The Alchemy participants are encourage to do research, attend the initiative’s sponsored workshops, participate in discussions and demonstrations and explore the many varied possibilities that may relate to the topic of Alchemy.
The workshops started in January of 2016 during the winter and early spring months were held during the evenings. Because of my nightly teaching schedule I was not able to participate in the workshops until the semester ended in early May. I am finding that the workshops and discussions that I have been able to attend have been successful in inspiring me.
My academic research has consisted of the exploration of what Joseph Campbell had to say about alchemy in his book, Pathways To Bliss: Mythology and Personal Transformation, New World Library, Novato, CA 2004.
Now, the alchemists always had the feeling that they were helping nature to bring forth gold from the gross metal, but what they were really interested in was not so much raw gold as the GOLD OF THE SPIRIT.
This caught my interest so I decided to read more of what Campbell had to say and found more interesting concepts that refers to artists and poets. (The Power Of Myth, Anchor Books, New York, NY, 1988) . . .
Bill Moyers asks, “Who interprets the divinity inherent in nature for us today? Who are our shamans? Who interprets unseen things for us?” Camplbell answers, “It is the function of the artist (poets) to do this. The artist is the one who communicates myth for today. But he has to be an artist who understands mythology and humanity and isn’t simply a sociologist with a program for you.”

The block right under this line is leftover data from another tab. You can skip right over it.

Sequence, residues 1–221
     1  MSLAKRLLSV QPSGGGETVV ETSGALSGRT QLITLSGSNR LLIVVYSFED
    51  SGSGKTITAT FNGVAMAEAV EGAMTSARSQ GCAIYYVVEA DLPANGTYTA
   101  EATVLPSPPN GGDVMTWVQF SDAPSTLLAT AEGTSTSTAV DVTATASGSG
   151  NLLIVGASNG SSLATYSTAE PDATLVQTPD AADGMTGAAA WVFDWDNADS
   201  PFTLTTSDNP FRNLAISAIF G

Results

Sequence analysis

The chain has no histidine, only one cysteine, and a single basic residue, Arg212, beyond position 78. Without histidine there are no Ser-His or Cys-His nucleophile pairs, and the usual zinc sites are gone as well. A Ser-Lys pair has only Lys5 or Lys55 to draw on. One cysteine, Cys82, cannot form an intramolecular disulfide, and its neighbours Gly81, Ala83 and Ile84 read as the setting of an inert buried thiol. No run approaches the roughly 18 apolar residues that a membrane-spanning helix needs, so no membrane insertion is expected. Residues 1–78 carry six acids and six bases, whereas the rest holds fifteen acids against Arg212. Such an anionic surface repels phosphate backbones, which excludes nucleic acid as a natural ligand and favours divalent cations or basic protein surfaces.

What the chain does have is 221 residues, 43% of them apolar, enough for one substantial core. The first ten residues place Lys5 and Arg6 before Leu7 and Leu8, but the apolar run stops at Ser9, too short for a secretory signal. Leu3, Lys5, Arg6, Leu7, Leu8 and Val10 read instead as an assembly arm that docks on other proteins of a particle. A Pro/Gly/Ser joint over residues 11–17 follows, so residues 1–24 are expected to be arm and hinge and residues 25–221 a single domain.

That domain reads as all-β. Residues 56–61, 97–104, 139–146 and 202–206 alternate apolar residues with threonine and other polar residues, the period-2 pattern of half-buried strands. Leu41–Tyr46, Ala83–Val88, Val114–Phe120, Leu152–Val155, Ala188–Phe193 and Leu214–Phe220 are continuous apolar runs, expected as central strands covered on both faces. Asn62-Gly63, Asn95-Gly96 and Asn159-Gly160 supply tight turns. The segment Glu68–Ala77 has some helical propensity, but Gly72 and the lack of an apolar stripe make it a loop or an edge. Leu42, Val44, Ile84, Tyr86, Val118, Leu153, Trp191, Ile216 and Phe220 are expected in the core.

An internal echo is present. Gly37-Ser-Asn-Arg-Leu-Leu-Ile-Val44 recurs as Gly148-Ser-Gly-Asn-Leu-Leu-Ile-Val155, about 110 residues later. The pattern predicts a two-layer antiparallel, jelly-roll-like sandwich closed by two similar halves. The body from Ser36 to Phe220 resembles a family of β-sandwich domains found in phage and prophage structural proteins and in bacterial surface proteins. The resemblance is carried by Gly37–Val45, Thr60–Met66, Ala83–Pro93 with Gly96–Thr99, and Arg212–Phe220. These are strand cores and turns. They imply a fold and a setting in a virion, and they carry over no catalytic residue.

This discussion of the “divinity of nature” is something that related so well with what I strive to communicate in my artwork I started taking notes and read more.
Moyers, “Scientists are beginning to talk quite openly about the GAIA principle.” Campbell, “There you are, the whole planet as an organism.” Moyer, “Mother Earth. Will new myths come from this image?” Campbell, “Well, something might. You can’t predict what a myth is going to be any more than you can predict what you’re going to dream tonight. Myths and dreams come from the same place. They come from realizations of some kind that have then to find expression in symbolic form. And the only myth that is going to be worth thinking about in the immediate future is one that is talking about the planet, not the city, not these people, but the planet, and everybody on it.”
The discussion went on . . .
Moyers, “So you suggest that from the begins the new myth of our time?” Campbell, “Yes, this is the ground of what the myth is to be. It’s already here: the eye of reason, not of my nationality; the eye of reason, not my religious community; the eye of reason, not my linguistic community. Do you see? And this would be the philosophy for the planet, not for this group, that group, or the other group.”
For reasons for which I am not totally sure – this was enough to inspire me to start doing some exploration. I’m seeing GAIA in this – I am beginning to intermingle plant forms and in this exploration may add other things.
This has led me to decide to work on a series of foliage drawings to incorporate into this concept (see below). Also, I am thinking of giving the drawing of the woman more information – complete her face, hair and figure (and perhaps include a child). The drawings in the piece above are all graphite on paper. They were scanned and layered together digitally. The color was added digitally.
Below is the progress of a one of several foliage drawings.
I’m am honored to have been invited by artist Sydnee Peters to participate in a project entitled ALCHEMY: An Artists & Writers Initiative. The project consists of a collaboration of over 50 Kalamazoo area visual artists and poets that will result in a Print Suite – a set of broadsides whereby an artist teams up with a poet to create a limited edition print suite; a soft bound book that will showcase of work of both the artists and writers – as well as information about the initiative itself; an artwork exhibition in the Netzorg & Kerr Gallery, Richmond Center for Visual Arts (RCVA), from February to May 2017; and poetry readings.
As one of the visual artists I am to contribute to the Print Suite, the Published Book and the 2017 Exhibition.